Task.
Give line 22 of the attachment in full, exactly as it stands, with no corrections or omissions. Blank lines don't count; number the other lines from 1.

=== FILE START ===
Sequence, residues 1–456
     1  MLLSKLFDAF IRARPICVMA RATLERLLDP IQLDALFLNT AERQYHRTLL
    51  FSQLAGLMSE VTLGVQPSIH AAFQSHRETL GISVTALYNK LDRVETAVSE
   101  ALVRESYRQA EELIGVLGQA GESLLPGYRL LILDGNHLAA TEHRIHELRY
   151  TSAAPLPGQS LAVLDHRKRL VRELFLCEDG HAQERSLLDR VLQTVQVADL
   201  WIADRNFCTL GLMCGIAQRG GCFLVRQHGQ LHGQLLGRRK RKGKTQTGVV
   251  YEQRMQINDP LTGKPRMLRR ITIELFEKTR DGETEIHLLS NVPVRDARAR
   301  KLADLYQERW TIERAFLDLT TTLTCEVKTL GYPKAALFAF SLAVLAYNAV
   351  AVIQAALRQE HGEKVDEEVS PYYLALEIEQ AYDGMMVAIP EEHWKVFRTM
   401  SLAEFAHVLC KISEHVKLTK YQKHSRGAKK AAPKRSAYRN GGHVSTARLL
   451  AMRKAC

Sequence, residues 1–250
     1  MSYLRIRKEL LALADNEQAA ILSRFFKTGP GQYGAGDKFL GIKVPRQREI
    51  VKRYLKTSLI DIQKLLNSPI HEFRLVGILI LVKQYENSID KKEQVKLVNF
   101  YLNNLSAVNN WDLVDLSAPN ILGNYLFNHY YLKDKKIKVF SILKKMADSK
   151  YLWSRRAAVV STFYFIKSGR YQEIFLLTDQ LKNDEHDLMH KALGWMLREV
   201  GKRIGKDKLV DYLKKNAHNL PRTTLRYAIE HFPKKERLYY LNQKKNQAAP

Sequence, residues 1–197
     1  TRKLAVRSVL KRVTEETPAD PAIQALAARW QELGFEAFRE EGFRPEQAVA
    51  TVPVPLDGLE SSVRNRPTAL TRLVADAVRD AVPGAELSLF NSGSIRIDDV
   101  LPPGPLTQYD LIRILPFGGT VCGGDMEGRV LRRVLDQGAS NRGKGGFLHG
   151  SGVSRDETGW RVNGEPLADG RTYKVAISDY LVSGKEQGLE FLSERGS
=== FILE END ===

   151  SGVSRDETGW RVNGEPLADG RTYKVAISDY LVSGKEQGLE FLSERGS